Top MBAs are constantly recalibrating age profiles for class intakes. Some schools desire +3 years of work experience. Others do not. Which program are you better suited to: MBA or EMBA? Traditionally, MBA programs recruited candidates 25-28 years old. Today, the age has dropped. If you are +30, does this matter to you? If it does, perhaps European MBAs are a better fit. EMBA candidates are typically +35.
Tip No. 10: The Financials Influence Choice
Another key point: Carefully review the MBA Admissions and Financial Aid sections before you apply. Begin with their Admission Criteria pages. Take advantage of any MBA Admissions events in your area and network with alumni.
Tip No.11: Which MBA is best for me
Choosing the appropriate school is like a marriage. I recommend the following schools for serious consideration. They are not listed in any particular order. Please note that European MBA programs are more transparent when it comes to counseling potential MBAs.
They also recruit more mature and seasoned candidates. If you have deep experience, you will find these programs better value for money. They provide excellent networks. If you plan to live and work in Europe, they can serve your career aspirations with more intimacy.
Tip No.12: European v. American MBAs
In our opinion, the leading programs are: INSEAD, London Business School, IMD, IE Business School, IESE Business School, HEC-Paris, Said Business School at Oxford, and Judge School of Business at Cambridge. Are there others? You bet there are! As George Orwell might have stated, “Some MBAs are more equal than others”. My only counsel is to choose wisely. It is not necessary to go to the USA as it once was.
In addition, please note that there are outstanding MBA programs all over the world. It depends on you, what you really want, and how much this degree really is worth to you. An MBA is a major investment in time, money, and sweat equity.
In the USA, American business schools market their programs like tupperwear parties. The usual suspects in this category are for the most part household names. Depending on the source, ranking criteria bring up similar names but not necessary in the same order.
The MBA top 10 wish list include: Harvard Business School, Stanford GSB, Wharton Business School, Columbia Business School, Tuck at Dartmouth, Yale School of Management, Stern at NYU, Anderson at UCLA, Haas at UC-Berkely, University of Chicago-Booth, and Kellogg at Northwestern. Are there others?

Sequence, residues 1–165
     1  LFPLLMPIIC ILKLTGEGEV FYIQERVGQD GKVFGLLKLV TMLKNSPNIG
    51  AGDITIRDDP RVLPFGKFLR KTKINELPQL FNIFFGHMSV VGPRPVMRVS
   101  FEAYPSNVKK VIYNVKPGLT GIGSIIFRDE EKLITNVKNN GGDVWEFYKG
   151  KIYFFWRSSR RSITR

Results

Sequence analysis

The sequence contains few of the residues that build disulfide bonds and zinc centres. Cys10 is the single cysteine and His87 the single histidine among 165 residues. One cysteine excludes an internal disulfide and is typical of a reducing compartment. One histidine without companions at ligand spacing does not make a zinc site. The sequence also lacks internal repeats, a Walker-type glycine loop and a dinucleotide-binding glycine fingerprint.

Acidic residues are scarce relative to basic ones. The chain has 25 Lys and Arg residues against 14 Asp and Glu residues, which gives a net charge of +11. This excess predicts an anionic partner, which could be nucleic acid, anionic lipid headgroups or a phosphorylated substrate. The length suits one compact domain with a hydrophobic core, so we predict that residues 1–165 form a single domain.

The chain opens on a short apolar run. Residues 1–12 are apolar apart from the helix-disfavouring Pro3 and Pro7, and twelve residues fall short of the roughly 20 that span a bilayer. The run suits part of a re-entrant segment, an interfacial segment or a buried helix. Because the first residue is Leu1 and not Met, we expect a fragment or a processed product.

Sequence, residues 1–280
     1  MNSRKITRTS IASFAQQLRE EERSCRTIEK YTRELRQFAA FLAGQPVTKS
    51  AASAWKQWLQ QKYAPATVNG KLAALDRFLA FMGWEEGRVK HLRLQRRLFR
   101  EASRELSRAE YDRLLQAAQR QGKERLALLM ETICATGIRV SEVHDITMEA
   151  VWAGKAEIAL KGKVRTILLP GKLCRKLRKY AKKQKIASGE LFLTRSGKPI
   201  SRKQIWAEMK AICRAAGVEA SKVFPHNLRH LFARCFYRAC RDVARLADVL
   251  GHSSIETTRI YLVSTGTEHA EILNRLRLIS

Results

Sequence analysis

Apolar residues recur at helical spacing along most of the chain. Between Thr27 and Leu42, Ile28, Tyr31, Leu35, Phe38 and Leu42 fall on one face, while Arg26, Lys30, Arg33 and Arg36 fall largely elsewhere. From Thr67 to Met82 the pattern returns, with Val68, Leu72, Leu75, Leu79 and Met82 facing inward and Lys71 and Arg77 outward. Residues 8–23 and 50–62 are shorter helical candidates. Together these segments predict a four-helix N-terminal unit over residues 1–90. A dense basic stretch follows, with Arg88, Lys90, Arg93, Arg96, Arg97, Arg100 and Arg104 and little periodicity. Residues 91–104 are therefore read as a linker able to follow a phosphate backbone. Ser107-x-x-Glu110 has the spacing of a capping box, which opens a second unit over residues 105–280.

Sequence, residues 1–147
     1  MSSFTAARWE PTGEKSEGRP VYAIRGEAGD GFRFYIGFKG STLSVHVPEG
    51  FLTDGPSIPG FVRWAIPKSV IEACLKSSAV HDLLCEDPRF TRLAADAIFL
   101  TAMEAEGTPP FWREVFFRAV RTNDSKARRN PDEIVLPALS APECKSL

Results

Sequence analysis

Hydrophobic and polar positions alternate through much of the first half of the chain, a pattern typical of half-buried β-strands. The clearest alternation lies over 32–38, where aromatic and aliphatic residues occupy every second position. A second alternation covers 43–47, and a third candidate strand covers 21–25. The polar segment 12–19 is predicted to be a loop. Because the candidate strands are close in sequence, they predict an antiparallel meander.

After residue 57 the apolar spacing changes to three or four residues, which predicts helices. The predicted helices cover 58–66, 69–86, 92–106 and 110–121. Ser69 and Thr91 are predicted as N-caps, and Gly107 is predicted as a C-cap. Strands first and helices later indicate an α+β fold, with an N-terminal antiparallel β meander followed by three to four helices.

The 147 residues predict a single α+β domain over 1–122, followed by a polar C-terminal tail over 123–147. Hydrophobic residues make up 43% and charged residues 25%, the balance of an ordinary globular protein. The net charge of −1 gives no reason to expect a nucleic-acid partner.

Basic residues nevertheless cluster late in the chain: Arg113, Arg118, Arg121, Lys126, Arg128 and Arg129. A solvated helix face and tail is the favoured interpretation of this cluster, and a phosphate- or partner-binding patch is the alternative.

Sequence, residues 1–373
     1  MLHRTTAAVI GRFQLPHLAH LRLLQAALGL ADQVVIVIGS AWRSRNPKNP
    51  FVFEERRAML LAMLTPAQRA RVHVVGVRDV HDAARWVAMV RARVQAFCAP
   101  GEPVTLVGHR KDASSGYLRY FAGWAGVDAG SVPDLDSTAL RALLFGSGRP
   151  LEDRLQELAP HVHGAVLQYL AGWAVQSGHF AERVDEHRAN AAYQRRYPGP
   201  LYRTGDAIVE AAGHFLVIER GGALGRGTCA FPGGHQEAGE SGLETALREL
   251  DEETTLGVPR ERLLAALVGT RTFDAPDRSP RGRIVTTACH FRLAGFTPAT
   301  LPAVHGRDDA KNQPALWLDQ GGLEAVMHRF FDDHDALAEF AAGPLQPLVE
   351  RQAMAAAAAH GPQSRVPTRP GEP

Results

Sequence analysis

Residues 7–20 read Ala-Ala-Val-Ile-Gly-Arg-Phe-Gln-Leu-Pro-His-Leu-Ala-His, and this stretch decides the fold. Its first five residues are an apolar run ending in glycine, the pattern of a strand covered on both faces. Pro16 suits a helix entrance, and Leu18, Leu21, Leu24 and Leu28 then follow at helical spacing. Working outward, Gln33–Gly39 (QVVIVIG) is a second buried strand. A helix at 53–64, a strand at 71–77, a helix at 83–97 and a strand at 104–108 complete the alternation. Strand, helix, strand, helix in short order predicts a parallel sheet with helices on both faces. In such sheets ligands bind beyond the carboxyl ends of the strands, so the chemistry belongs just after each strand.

Of course there are. MIT-Sloan comes immediately to mind. US News publishes a comprehensive catalog worth consulting. In the States, there are literally thousands of schools from which to choose. Americans do not choose their MBAs with the same criteria as non-American MBA applicants.
Although top MBAs are more international in their outlook, many others are still very provincial. If you are not an American and you want to do an MBA in the States, think the process carefully through. For example, do you really want to be in Ann Arbor, Michigan?
Ross might offer an excellent education, but if you are from a cosmopolitan city, you might find yourself out of place. We had one client the other year, who did and regretted her choice. Don’t make the same mistake.
An MBA has the potential to dramatically alter the course of your career. Despite criticism in the media on MBAs, this form of education has the power to act as a career catalyst. Although an MBA is not for everyone, it can be a transformational experience if properly exploited. To give yourself the best chance to get accepted, your application merits feedback from an objective and knowledgeable source.
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About The Author
Andrew Scharf shares enchanting stuff on the topics of marketing, innovation, talent development, coaching, enchantment, and craftsmanship. He is also the head Koi at CAREO, a career management consultancy under the WCW Group brand, building one success story at a time.